Minister of Culture and Fine Arts Phoeurng Sackona urged all artists and performers to raise awareness of HIV/AIDS at every event during the upcoming Water Festival as the world prepares to mark World AIDS Day 2019 on December 1 under the theme Communities Make the Difference.
Sackona issued a ministry letter on Tuesday informing directors of institutions and the departments of Culture and Fine Arts at the municipal and provincial levels to urge all artists to include an educational message on HIV and AIDS during events such as concerts.
He said in the context of multi-participation, the ministry had a role to play by assisting the National AIDS Authority (NAA) to promote HIV and AIDS education at all Water Festival events and on World AIDS Day.
NAA secretary-general Chhim Khindareth told The Post on Wednesday that the large numbers of people attending the Water Festival presented a valuable opportunity.
“We regularly disseminate information about the prevention of HIV and AIDS. But with so many people coming to enjoy the Water Festival and a lot of boat racers, we have to cooperate with our partners to use this opportunity to educate the public.
“They will also be provided condoms so they can remain careful while they are far away from their families,” he said.
Khindareth said that although Cambodia had achieved the 95-95-95 goal – 95 per cent of people living with HIV knowing their HIV status, 95 per cent of people knowing their status on treatment, and 95 per cent of people on treatment having suppressed viral loads – which showed that the Kingdom could control the spread of HIV/AIDS, challenges remained for target groups such as homosexual men and people having sex with prostitutes.
Nonetheless, he noted that the infection rate was estimated to decrease by 0.5 per cent this year.
The NAA said in August that more than 800 people tested positive for human HIV last year, joining over 76,000 others aged between 15 and 49 in the Kingdom already infected with the virus, with the epidemic particularly prevalent among the LGBTQ community.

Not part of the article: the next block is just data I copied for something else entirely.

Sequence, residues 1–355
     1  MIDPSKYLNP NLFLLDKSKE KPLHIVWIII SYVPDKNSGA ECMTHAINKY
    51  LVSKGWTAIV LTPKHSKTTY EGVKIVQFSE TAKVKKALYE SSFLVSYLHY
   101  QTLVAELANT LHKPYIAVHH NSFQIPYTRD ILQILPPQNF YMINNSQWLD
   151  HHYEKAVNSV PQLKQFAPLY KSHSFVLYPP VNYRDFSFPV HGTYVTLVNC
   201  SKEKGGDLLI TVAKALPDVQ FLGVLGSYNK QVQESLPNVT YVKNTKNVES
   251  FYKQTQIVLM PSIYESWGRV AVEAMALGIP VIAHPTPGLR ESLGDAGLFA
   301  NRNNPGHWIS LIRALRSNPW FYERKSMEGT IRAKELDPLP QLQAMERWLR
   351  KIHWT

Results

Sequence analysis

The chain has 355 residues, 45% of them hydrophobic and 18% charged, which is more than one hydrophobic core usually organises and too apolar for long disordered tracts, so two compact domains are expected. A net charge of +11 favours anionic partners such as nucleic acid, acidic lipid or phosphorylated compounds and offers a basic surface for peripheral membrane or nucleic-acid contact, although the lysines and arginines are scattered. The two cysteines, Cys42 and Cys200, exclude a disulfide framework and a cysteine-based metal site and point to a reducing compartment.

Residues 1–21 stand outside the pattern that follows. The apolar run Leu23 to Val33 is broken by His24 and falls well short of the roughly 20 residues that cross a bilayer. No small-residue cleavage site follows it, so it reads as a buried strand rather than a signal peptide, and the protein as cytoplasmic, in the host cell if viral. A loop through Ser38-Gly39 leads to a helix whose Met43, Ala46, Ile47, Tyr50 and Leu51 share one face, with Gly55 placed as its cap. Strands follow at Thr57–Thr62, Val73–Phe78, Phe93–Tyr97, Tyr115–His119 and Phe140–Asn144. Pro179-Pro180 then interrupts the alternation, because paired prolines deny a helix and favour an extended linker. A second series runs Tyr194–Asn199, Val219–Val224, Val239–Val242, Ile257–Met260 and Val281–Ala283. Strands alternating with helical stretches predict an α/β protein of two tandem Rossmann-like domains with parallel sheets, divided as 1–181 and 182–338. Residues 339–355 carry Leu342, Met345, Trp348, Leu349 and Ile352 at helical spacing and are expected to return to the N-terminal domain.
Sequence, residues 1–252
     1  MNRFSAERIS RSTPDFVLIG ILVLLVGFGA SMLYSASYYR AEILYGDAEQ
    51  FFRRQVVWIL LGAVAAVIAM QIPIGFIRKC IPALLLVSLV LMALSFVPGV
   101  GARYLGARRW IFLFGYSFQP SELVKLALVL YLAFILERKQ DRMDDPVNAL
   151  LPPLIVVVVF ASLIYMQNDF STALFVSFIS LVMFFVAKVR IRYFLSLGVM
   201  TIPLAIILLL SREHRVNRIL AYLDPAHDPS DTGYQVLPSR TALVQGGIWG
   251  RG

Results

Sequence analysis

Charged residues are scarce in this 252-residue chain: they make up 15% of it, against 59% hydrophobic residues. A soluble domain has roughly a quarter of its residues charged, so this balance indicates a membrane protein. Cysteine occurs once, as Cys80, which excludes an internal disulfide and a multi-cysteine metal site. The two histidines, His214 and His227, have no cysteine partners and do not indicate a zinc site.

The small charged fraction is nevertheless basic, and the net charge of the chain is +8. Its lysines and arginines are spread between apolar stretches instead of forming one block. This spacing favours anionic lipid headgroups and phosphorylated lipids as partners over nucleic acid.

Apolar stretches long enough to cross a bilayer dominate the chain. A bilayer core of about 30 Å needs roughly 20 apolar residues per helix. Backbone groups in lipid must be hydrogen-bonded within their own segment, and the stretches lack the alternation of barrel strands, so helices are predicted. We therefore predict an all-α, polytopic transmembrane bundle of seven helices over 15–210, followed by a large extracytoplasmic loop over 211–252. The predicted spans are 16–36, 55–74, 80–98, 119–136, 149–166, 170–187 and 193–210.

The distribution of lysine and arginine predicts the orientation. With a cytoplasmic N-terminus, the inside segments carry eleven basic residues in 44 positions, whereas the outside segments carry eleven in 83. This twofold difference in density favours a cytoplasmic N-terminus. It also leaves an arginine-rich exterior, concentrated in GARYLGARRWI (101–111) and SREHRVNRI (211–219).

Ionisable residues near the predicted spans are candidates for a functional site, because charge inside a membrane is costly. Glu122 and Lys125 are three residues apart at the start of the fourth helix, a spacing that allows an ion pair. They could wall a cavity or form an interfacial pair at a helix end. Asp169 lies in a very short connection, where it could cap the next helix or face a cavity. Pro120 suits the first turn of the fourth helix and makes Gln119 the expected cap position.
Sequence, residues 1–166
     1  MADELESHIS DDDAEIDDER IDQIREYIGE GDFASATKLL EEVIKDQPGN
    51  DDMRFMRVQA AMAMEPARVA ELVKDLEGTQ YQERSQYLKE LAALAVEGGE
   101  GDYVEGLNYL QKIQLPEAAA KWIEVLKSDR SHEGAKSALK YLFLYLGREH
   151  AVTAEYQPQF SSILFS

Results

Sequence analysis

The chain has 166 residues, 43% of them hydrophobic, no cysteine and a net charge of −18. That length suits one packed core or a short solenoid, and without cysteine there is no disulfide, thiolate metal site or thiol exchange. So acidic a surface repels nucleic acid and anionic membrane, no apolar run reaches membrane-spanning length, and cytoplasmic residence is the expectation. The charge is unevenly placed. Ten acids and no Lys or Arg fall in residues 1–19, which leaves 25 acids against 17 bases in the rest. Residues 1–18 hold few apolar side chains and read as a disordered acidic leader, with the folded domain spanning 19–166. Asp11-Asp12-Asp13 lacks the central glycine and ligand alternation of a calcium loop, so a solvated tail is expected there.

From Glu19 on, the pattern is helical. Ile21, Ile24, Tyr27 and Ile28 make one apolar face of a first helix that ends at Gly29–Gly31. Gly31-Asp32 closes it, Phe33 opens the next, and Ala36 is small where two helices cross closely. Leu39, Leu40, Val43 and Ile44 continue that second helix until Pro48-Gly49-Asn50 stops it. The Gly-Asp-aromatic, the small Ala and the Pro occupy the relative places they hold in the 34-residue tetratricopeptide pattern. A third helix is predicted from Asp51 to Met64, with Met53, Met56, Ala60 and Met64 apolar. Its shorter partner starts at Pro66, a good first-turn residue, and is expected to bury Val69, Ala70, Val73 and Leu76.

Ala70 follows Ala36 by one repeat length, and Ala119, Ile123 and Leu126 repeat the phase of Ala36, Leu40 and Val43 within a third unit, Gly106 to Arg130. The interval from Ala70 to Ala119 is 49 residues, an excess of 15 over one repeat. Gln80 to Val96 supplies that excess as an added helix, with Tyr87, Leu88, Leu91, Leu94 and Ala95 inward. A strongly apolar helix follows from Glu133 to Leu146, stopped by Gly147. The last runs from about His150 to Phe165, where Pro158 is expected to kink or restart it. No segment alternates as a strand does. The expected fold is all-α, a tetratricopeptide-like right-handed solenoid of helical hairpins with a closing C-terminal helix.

The NAA held its second plenary session of the year at the Vimean Mittapheap Meeting Hall at the Office of the Council of Ministers. It was aimed at assessing the current status, reviewing the achievements in fighting HIV/AIDS, and discussing the introduction of a multi-sector policy for the first six months of next year.
NAA chairman Ieng Moly said the government is committed to eliminating AIDS by setting the “three zeros” goals – no new HIV infections, no discrimination against people living with HIV and no one dying of AIDS by 2020.
He said that only by joining together with a clear vision and real hope could we move towards eliminating HIV/AIDS.
Therefore, he stressed his ongoing appeal to all citizens to protect themselves and act responsibly to help prevent the spread of HIV.
“With the regular and proper use of condoms, and by going for a blood test if you suspect you have contracted HIV, we can make inroads.
“Don’t be discouraged if the blood test is positive showing that you have contracted HIV, please get medical treatment immediately as instructed by the doctor,” he said.